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Finger Cut Fixed With Stitches: How to Care for Your Child

Often a finger laceration (cut) needs stitches to bring the two sides of skin closer together. Most cuts will leave a small scar. A healing cut can get infected, so the health care provider cleaned it carefully. You can help to prevent infection by taking good care of the cut while it heals.

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  • Keep the wound as dry as possible for 24 hours. You can gently wash the skin around the wound with a clean damp cloth.

  • After 24 hours, your child may shower or take a sponge bath, then gently pat the wound dry.

  • Don't soak the finger. Your child should not take a bath or go swimming until the stitches are removed.

  • If your health care provider recommends it, spread a thin layer of antibiotic ointment over the cut, then cover with a bandage.

  • You can give medicine for pain if your health care provider says it's OK. Use these medicines exactly as directed:

    • acetaminophen (such as Tylenol® or a store brand)OR

    • ibuprofen (such as Advil®, Motrin®, or a store brand). Do not give to babies under 6 months old.

  • Check the wound every day to make sure the red area is not getting bigger. Some mild redness around the wound is normal.

  • Your child should not pick or scratch at the scab that forms over the wound.

  • If your child's finger is also broken, the health care provider may recommend that your child get checked by a bone specialist (orthopedist).

  • Return to the health care provider as directed to have the stitches removed. Leaving the stitches in place too long may cause more scarring.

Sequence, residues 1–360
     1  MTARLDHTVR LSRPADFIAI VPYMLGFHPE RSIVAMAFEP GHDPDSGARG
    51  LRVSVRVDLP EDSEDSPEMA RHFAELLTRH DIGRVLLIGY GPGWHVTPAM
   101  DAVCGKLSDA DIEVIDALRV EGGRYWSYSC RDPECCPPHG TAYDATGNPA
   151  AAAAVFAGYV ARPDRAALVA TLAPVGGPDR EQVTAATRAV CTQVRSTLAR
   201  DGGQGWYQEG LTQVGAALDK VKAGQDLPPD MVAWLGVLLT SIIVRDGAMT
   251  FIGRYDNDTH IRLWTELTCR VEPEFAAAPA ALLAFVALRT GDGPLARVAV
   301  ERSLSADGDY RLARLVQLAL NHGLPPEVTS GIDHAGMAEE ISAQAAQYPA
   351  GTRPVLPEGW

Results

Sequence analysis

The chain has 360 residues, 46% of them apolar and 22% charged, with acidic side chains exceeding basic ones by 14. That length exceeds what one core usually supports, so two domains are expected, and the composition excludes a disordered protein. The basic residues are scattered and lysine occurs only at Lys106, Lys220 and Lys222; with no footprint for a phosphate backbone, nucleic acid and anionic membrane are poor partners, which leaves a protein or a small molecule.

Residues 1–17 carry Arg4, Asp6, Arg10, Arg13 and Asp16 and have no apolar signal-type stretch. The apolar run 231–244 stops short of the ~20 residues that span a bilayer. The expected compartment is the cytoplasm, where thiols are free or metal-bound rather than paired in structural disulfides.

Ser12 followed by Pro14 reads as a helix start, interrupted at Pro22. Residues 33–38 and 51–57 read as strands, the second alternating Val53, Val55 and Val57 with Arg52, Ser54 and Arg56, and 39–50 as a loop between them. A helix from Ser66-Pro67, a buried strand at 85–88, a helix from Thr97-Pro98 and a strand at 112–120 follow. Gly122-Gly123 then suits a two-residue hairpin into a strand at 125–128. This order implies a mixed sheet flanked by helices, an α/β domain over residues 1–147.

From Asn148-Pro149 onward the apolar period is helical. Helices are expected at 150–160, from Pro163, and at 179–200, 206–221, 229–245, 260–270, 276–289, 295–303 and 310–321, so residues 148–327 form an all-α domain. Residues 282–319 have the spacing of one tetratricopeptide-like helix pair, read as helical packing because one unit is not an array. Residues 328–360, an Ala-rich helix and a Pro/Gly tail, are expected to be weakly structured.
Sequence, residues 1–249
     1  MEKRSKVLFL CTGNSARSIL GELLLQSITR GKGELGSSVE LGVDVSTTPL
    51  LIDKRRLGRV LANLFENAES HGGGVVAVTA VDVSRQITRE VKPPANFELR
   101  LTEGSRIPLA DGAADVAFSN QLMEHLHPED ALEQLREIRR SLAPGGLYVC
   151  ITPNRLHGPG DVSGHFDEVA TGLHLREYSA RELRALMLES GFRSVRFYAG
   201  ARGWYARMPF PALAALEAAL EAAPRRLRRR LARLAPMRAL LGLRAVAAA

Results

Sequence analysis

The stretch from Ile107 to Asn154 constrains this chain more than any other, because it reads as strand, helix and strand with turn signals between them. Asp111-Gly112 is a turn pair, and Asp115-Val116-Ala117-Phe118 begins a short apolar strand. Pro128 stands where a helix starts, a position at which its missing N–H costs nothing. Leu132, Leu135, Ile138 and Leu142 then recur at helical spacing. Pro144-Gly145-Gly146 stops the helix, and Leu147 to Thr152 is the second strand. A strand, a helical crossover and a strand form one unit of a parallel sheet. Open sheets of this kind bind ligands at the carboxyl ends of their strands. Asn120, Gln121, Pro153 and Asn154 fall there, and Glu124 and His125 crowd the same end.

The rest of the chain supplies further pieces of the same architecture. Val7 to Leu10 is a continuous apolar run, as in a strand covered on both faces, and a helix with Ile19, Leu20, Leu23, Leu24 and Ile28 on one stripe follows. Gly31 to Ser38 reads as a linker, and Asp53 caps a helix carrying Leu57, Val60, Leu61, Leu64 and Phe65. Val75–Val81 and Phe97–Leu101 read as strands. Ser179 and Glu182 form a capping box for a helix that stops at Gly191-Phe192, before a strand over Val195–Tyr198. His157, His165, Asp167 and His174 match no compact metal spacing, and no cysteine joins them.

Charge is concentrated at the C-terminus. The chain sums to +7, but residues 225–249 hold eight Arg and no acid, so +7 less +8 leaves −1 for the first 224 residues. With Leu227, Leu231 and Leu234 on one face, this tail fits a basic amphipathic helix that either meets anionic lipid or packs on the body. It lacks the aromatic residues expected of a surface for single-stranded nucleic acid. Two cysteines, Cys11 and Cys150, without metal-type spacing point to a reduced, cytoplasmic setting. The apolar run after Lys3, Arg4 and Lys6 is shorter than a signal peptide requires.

• When you or your child apply sunscreen, be sure to put it on the scar. This will help protect the scar from burning and prevent it from getting darker.

  • Make sure your child's tetanus vaccine is up to date.

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  • Your child has redness, warmth, or swelling around the wound. This could be the start of an infection.

  • Red streaks are coming from the wound.

  • Pus is draining from the wound.

  • The edges of the wound start to separate.

  • The stitches have started to come out or the wound is opening up.

  • Your child develops a fever.

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  • Your child's finger becomes pale or blue.

  • The finger becomes numb or tingly.

  • The wound starts bleeding and doesn't stop, even after light pressure is applied.

  • The wound opens up.

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What will happen to the stitches? Stitches need to be removed by a health care provider. How long stitches stay in the skin depends on the kind of cut and where it is. Sometimes small white sticky tapes called butterfly bandages are put over the stitches to give them extra strength. These tapes loosen in a few days and fall off on their own.

Why does a cut get a scar? When the deeper layer of the skin is injured, the body uses a protein (collagen) to help fill in the cut area. The filled-in area becomes a scar. A scar will form even if a cut is fixed with stitches. Over time, some scars fade or get smaller.

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